Arguing that the "digital image" encompasses the entire process by which information is made perceivable, he places the body in a privileged position—as the agent that filters information in order to create images. By doing so, he counters prevailing notions of technological transcendence and argues for the indispensability of the human in the digital era.
Hansen examines new media art and theory in light of Henri Bergson's argument that affection and memory render perception impure—that we select only those images precisely relevant to our singular form of embodiment. Hansen updates this argument for the digital age, arguing that we filter the information we receive to create images rather than simply receiving images as preexisting technical forms. This framing function yields what Hansen calls the "digital image." He argues that this new "embodied" status of the frame corresponds directly to the digital revolution: a digitized image is not a fixed representation of reality, but is defined by its complete flexibility and accessibility. It is not just that the interactivity of new media turns viewers into users; the image itself has become the body's process of perceiving it.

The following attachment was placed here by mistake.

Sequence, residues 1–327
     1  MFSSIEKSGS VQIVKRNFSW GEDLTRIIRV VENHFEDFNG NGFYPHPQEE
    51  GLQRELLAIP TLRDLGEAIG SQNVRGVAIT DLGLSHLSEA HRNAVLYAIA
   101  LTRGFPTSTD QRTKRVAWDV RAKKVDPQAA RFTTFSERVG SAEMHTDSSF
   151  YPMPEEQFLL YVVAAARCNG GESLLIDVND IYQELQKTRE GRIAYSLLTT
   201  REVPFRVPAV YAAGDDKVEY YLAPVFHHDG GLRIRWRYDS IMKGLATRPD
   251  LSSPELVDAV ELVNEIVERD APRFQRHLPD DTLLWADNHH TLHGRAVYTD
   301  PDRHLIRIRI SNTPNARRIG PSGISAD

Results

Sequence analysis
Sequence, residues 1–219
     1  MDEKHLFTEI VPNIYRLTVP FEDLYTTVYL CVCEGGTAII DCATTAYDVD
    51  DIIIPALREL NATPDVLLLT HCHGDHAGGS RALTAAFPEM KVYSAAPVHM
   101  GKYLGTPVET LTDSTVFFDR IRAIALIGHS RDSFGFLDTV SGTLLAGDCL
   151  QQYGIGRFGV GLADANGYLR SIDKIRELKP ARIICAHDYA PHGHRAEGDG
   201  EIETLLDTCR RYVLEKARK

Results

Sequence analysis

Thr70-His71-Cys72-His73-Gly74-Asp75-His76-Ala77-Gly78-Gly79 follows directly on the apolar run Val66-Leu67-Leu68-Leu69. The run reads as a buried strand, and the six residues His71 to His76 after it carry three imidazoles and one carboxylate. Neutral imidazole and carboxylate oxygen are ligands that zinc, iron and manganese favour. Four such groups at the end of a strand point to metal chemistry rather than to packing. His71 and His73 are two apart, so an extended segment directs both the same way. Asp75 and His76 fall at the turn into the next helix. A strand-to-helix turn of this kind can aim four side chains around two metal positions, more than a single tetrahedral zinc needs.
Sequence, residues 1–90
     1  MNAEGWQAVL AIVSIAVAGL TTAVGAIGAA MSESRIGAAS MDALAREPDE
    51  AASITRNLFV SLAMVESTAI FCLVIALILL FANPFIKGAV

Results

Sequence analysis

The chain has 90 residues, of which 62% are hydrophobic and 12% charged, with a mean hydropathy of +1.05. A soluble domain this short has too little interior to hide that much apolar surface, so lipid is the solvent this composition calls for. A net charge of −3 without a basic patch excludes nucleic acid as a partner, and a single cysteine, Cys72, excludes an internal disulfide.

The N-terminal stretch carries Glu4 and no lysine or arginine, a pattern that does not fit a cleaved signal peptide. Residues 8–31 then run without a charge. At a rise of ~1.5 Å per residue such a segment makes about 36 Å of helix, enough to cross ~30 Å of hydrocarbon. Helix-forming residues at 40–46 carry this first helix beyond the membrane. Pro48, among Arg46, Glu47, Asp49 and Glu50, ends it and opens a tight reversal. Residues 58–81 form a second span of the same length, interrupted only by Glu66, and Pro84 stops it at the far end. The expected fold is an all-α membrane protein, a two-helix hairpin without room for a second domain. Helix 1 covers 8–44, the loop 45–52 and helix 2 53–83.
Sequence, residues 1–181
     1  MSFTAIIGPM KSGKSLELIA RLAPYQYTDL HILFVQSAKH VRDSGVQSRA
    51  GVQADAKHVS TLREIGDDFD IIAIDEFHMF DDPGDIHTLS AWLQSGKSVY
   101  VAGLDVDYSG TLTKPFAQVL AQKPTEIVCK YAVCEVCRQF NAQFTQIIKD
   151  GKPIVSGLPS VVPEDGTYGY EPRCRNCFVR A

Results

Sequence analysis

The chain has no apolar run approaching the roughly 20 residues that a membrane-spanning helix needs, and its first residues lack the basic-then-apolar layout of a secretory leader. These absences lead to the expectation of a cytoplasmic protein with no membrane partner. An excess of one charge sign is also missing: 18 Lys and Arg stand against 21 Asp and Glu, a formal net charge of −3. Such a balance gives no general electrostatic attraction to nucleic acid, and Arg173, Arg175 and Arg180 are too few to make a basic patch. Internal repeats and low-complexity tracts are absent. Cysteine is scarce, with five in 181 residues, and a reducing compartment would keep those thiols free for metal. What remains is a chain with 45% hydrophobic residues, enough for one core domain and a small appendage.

To illustrate his account of how the body filters information in order to create images, Hansen focuses on new media artists who follow a "Bergsonist vocation"; through concrete engagement with the work of artists like Jeffrey Shaw, Douglas Gordon, and Bill Viola, Hansen explores the contemporary aesthetic investment in the affective, bodily basis of vision. The book includes over 70 illustrations (in both black and white and color) from the works of these and many other new media artists.